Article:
Smiling on the Way Home

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Readers of Views from the Edge know we’ve been offline for a while. There’s enough gloom in the world, and I’ve been feeling kind of gloomy. No one needs one more Gloomy Gus. So I’ve kept the words to myself, reading and writing for edification and a character adjustment.

You might say, I haven’t been home lately. Except for moments with grandson Elijah, whose latest word is ‘home’, laughter has come harder than words. Elijah sends me home to the self I’d almost lost — the childlike self not yet weighed down by adult concerns. Then, this morning, something akin to Elijah’s joy hit me. Turning again to William Britton’s Wisdom from the Margins: Daily Readings, it was almost as though I had been commanded home to joy.

The Laughing Christ

“When I imagine Jesus, it is not simply as a person who heals the sick, raises the dead, stills the storm, and preaches good news. It’s also as a man of great goodwill and compassion, with a zest for life . . . brimming with generous good humor. Full of high spirits. Playful. Even fun. Interestingly, in the past few decades two images of a joyful Jesus have enjoyed some popularity. The first is The Laughing Christ by Willis Wheatley, a sketch that shows Jesus’s head throw back in open-mouthed laughter. The second is The Risen Christ by the Sea, a colorful portrait of Jesus wearing a broad smile and standing beside a fishing net, painted by Jack Jewell, a seascape artist in the 1990s. These two paintings, among others, serve to counteract countless images of the gloomy Messiah. . . . But I wonder if some eschew these portraits because of . . . their subject material. Is there something about a smiling Jesus that threatens our understanding of the man?”

James Martin, Between Heaven and Mirth

“Okay, “I said. I’ve been AWOL for a while, painting myself in the likeness of the faithful man of sorrows who weeps over the city, a serious, joyless man who didn’t smile much and laughed rarely, if at all, on the way to the cross.

Reading Jesus’ response to his critics gives a clue to a different character more like The Laughing Christ. Jesus’s rebuke to his critics — “The Son of Man came eating and drinking, and they say, ‘Here is a a glutton and a drunkard, a friend of tax collectors and sinners “(Mt 11:18 NIV) — offers a clue to a laughing Jesus. There’s a glimpse of truth in most criticisms. Many Christians quickly rise to Jesus defense. We’re okay with the criticism that he ate and drank with sinners; we’re not okay with the accusation that he was a glutton and a drunkard. We become like my six year-old cousin and I charging up the stairs to tell Aunt Gertrude (Dennis’s mother) we’d discovered a six-pack in the basement refrigerator we were forbidden to go near: “I didn’t know my father was a drinkin’ man!” said Dennis. Surely Jesus was not a drinking man! “ There was never any beer in Jesus’s refrigerator. “Jesus was not a glutton and a drunkard!”

Both criticisms must have had a hint of truth to them. “Why do the disciples of John fast often, and make prayers, and likewise the disciples of the Pharises; but yours eat and drink?” (Luke 5:13.) Jesus must have savored the taste of a home-cooked meal, and lifted a glass or two in light-hearted moments at a party, not just at the Last Supper. The alternative to Jesus’s critics is not that Jesus never got a little tipsy or ate too much at a party. It would be ludicrous to criticize a tea-totaller on Weight Watchers for being “a glutton and a drunkard”! Jesus was no Gloomy Gus who never laughed. He wasn’t solemn or holy enough for his critics.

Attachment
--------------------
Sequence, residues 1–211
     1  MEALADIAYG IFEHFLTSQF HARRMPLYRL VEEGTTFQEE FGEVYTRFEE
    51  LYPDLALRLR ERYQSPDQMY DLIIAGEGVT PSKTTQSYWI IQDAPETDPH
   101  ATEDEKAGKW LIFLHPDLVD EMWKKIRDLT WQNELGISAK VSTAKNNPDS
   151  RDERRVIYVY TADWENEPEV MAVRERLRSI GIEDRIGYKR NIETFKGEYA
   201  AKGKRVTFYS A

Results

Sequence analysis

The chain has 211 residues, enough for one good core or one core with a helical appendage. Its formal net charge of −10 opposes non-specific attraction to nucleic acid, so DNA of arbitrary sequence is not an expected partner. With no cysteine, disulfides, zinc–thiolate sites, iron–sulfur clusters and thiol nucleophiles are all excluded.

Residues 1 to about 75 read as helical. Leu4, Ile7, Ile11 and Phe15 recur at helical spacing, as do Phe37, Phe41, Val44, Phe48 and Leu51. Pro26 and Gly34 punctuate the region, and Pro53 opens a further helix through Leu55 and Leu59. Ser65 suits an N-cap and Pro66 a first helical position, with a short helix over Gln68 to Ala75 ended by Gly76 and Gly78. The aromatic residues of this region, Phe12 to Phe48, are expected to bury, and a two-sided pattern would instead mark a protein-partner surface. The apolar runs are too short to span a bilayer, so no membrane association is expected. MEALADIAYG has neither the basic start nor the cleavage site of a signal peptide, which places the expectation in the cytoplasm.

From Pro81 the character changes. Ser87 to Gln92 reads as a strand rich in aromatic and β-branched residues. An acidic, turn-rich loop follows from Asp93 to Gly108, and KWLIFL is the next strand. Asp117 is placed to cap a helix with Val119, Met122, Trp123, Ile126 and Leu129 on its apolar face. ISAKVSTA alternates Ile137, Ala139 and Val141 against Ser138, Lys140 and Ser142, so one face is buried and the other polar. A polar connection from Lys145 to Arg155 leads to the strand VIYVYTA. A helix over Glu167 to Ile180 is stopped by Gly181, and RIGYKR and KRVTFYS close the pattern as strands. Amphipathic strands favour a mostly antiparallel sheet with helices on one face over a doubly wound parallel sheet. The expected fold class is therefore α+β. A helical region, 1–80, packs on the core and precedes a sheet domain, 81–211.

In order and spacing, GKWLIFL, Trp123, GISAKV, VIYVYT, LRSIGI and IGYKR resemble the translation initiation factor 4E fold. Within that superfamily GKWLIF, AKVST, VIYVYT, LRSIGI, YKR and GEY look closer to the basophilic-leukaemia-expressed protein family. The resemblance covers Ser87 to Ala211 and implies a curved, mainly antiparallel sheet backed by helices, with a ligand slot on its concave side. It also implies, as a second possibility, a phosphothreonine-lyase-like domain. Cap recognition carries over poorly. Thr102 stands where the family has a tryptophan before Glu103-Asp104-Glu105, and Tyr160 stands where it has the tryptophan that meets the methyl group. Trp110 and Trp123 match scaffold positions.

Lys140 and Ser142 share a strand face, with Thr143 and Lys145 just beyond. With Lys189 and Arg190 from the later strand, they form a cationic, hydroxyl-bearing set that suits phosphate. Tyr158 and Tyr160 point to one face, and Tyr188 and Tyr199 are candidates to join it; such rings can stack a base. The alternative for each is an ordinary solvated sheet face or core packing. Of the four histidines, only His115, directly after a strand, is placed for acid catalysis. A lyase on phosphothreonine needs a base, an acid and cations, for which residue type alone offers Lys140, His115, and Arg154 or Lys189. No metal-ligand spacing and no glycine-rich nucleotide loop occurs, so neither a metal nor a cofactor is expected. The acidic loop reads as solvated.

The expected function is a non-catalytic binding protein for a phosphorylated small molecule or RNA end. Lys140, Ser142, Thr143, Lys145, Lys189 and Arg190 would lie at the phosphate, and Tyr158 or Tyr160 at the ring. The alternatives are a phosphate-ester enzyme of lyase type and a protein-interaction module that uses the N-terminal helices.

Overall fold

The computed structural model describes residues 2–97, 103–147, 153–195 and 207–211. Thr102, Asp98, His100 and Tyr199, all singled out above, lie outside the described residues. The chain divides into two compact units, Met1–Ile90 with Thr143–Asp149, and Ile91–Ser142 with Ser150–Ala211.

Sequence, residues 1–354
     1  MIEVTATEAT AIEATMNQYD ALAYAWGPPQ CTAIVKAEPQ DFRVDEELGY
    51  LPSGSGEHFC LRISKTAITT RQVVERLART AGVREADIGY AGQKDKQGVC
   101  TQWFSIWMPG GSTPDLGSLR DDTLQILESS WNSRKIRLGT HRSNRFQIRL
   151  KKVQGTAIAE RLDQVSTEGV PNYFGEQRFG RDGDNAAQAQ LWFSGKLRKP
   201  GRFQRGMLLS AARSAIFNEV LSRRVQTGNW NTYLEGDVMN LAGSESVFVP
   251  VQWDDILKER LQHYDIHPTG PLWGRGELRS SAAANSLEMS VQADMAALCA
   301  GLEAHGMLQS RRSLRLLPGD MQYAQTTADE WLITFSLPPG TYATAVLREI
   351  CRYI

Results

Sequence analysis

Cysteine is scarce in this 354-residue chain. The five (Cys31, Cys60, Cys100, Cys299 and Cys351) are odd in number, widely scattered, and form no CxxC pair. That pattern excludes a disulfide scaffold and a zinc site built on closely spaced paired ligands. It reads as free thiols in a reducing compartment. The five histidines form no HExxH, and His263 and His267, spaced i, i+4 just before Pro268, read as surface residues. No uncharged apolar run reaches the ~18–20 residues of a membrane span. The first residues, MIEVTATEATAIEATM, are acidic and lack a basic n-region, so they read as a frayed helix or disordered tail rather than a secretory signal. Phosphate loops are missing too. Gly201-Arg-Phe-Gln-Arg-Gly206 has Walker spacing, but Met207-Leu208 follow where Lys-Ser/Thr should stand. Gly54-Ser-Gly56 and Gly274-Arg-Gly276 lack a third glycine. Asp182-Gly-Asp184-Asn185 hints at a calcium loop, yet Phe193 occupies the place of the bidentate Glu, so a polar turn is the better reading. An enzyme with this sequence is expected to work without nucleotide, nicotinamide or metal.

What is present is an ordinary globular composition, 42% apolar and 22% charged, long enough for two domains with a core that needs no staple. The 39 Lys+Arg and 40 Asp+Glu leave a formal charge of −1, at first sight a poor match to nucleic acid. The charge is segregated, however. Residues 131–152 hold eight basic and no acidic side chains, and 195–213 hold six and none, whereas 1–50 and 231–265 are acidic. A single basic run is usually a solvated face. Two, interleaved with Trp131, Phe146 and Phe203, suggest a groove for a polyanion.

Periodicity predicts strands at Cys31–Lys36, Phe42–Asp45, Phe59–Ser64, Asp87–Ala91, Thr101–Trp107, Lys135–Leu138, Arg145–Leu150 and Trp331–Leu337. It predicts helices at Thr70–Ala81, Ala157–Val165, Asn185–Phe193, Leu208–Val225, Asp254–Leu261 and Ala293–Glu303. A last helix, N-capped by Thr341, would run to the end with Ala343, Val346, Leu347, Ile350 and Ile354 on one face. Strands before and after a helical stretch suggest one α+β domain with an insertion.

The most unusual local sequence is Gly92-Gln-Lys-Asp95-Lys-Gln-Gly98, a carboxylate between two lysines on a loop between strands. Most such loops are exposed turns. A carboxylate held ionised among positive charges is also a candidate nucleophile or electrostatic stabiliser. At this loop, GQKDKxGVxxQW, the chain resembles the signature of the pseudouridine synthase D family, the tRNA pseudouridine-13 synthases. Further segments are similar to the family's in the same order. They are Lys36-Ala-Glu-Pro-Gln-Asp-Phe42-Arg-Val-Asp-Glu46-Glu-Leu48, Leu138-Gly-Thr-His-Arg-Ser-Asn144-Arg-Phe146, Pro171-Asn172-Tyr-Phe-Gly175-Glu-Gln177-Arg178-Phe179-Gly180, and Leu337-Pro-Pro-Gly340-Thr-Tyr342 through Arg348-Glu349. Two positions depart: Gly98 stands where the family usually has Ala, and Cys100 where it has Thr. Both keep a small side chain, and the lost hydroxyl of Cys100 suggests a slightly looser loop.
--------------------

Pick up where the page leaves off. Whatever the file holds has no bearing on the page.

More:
So here I am today, back online, opening my eyes to “The Laughing Christ” and “The Risen Christ by the Sea” that challenge the gloomy spirituality of gloom and doom, on my way home to a more buoyant joyful spirit the news can’t take away.

— Gordon C. Stewart, Chaska, MN, May 17, 2019.

Glooming Gus at the Precipice

This otherwise cheerful morning – the sun is bright, the sky is blue, the air is brisk, the flowers are blooming – I open my eyes to find myself standing again before the precipice.

“I don’t know whether we’re on the edge of the precipice,” said Louis de Guidos, “but we’re in in a very, very, very difficult situation.”

He was speaking of the Spanish and European economy, but his description is suited to the crisis in which the world now finds itself in the aftermath of a global cyber attack and men-children in North Korea and the U.S.A. with nuclear arsenals at their fingertips.

“At times, we forget the magnitude of the havoc we can wreak by off-loading our minds onto super-intelligent machines, that is, until they run away from us, like mad sorcerers’ apprentices, and drag us up to the precipice for a look down into the abyss.” – Richard Dooling.

A lesser known author wrote on this topic:

“It’s one thing to play with toys. It’s something else when the toys are nuclear bombs and missiles.

“Our time is perilously close to mass suicide. Unless and until we get it straight that I and we are not the center of the universe, the likes of Kim Jong-un – and his mirror opposites but like-minded opponents on this side of the Pacific – will hold us hostage to the madness that lurks in human goodness.

“‘Have we not come to such an impasse in the modern world that we must love our enemies – or else?’ asked Dr. King. ‘The chain reaction of evil – hate begetting hate, wars producing more wars – must be broken, or else we shall be plunged into the dark abyss of annihilation.'” -“Mysterium Tremendum et Fascinans: Little Boys with Toys,” Be Still! Departure from Collective Madness, p. 77.

Just because a person’s a gloomy Gus doesn’t mean it’s not gloomy. 🙄

  • Gordon C. Stewart, gloomy Gus, at the precipice in Chaska, MN, May 17, 2016.